A View From Across the Pond

Written by Az Johnston

When I agreed to write articles for I Rebel I had a plan of how I was going to do them, when and what they were going to be about. Then lots of things happened and they keep happening. This piece for example for supposed to be about the logistics of organising an event, large or small. Since that is not something we have the luxury of being able to do right now it is going to be a little different. Part Star War: Destiny observations, part personal thought and part social commentary.

How do you keep a community together when the things that bind them change? For a game like Star Wars: Destiny those local members of the playing community have to step up and make it happen. The game didn’t suddenly become not fun or enjoyable just because it isn’t being made anymore. The friends we have made because of it don’t suddenly become just names to us because that happened. Games stores have a difficult balance when it comes to running events and making play space available because in order to survive they need to allocate the resources they have available to games which make them profit, while making valued customers still feel welcome.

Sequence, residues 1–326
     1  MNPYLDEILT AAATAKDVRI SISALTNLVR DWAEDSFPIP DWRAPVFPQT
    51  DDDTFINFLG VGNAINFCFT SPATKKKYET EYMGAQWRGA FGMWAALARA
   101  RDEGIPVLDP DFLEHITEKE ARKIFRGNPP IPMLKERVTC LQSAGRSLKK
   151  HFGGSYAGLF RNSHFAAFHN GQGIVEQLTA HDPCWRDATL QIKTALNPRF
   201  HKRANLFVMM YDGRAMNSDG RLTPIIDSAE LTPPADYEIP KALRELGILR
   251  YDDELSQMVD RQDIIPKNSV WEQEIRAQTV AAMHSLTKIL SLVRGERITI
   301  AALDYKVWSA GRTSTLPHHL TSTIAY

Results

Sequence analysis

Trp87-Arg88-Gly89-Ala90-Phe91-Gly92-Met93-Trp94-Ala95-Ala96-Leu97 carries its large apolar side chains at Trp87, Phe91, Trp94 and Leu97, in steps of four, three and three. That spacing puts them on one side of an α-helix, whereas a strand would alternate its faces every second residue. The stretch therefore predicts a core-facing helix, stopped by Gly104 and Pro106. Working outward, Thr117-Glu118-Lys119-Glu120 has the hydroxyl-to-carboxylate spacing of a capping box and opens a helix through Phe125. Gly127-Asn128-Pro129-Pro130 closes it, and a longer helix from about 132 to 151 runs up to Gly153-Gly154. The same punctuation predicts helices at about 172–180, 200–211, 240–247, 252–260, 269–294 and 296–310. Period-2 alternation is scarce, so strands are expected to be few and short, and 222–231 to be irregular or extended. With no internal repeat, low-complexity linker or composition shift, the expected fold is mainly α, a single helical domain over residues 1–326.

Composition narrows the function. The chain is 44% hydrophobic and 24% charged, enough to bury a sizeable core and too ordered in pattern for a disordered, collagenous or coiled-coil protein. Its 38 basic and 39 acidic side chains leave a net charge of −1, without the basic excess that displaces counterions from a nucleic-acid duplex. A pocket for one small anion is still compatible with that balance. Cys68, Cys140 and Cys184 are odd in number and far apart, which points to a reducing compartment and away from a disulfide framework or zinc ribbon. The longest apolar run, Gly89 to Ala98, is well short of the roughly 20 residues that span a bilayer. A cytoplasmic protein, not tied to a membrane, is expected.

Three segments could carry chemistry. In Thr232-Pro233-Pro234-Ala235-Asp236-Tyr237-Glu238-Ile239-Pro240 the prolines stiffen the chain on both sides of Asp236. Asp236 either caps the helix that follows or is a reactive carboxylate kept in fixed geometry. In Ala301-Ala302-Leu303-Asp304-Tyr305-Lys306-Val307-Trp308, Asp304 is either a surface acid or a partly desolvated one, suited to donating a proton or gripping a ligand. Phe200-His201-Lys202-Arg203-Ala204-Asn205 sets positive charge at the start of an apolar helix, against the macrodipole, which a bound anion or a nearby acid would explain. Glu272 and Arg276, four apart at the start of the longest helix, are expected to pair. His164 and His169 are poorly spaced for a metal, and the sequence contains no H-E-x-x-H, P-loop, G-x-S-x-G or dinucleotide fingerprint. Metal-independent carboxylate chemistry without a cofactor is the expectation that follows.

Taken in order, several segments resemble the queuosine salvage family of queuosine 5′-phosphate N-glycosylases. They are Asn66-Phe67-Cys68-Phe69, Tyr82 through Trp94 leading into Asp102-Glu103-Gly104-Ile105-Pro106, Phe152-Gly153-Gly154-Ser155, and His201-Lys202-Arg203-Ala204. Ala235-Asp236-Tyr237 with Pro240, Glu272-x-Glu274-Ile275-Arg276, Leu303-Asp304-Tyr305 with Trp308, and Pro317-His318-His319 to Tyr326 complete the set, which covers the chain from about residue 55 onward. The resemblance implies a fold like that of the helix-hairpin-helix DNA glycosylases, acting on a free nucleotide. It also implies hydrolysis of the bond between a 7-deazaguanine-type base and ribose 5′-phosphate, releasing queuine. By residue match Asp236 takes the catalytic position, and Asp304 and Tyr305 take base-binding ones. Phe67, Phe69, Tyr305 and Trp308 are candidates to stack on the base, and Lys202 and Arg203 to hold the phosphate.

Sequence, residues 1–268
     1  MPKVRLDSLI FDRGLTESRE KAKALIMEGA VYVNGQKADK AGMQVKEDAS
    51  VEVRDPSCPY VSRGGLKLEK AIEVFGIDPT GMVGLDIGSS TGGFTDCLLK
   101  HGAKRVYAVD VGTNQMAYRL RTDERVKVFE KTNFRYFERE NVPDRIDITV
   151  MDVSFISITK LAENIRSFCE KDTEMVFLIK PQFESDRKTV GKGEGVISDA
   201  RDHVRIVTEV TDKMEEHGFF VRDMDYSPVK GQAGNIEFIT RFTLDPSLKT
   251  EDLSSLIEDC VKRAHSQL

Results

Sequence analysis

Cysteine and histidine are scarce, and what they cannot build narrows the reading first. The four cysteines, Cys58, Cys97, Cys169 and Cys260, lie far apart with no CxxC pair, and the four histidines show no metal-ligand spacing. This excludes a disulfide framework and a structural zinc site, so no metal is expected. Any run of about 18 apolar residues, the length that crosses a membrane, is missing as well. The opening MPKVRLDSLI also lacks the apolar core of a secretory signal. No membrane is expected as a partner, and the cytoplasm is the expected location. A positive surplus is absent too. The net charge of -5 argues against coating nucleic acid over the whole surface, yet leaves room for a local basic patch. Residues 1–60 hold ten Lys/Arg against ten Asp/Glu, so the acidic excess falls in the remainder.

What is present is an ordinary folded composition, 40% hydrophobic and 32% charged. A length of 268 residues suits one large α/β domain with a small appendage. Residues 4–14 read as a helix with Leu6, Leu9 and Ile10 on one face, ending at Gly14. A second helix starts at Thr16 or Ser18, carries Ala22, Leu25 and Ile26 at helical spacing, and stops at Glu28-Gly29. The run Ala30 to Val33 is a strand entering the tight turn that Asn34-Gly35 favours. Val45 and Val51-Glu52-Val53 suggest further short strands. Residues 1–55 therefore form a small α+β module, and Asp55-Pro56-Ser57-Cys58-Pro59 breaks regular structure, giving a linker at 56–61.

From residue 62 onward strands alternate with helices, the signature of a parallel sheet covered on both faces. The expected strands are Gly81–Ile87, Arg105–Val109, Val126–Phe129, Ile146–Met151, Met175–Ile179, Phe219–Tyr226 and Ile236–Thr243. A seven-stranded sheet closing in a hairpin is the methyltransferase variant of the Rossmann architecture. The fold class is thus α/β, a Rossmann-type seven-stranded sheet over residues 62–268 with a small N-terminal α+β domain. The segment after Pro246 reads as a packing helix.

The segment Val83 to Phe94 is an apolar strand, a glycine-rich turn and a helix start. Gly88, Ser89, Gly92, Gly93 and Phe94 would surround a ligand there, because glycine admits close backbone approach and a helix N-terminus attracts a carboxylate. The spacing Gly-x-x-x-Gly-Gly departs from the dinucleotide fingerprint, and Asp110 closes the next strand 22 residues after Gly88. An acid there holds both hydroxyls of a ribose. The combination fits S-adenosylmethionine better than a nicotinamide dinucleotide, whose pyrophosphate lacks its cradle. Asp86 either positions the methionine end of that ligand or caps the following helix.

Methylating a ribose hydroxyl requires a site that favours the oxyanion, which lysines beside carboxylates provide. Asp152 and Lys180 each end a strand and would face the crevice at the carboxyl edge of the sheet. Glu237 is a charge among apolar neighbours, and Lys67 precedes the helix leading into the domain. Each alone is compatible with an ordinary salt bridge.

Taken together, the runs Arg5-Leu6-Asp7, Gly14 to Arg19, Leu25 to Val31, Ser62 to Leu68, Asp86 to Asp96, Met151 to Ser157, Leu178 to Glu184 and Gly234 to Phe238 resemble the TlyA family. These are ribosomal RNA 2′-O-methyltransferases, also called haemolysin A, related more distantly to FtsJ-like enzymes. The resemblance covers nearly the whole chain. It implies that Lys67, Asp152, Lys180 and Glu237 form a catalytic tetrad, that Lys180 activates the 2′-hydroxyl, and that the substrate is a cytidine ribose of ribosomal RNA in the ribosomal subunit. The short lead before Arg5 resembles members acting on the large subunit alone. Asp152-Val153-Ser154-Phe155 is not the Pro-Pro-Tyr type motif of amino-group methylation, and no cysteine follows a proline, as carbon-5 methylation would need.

Heading down to the store or board game cafe and playing is a way to invite new people to come and play, for every collection sold by players who are leaving the game that means someone bought it and most of the time they will be new or returning players. we need to encourage those players to meet up and play games, to tell epic tales of Vader and Aphra beating people with Improvised Explosives and Double Agent. There is an opportunity for players to play out the moments of Star Wars lore and see if Vader always cuts down Obi-Wan or not. Fathers and sons, mothers and daughters, new friends and old friends can all play each other over the kitchen table too.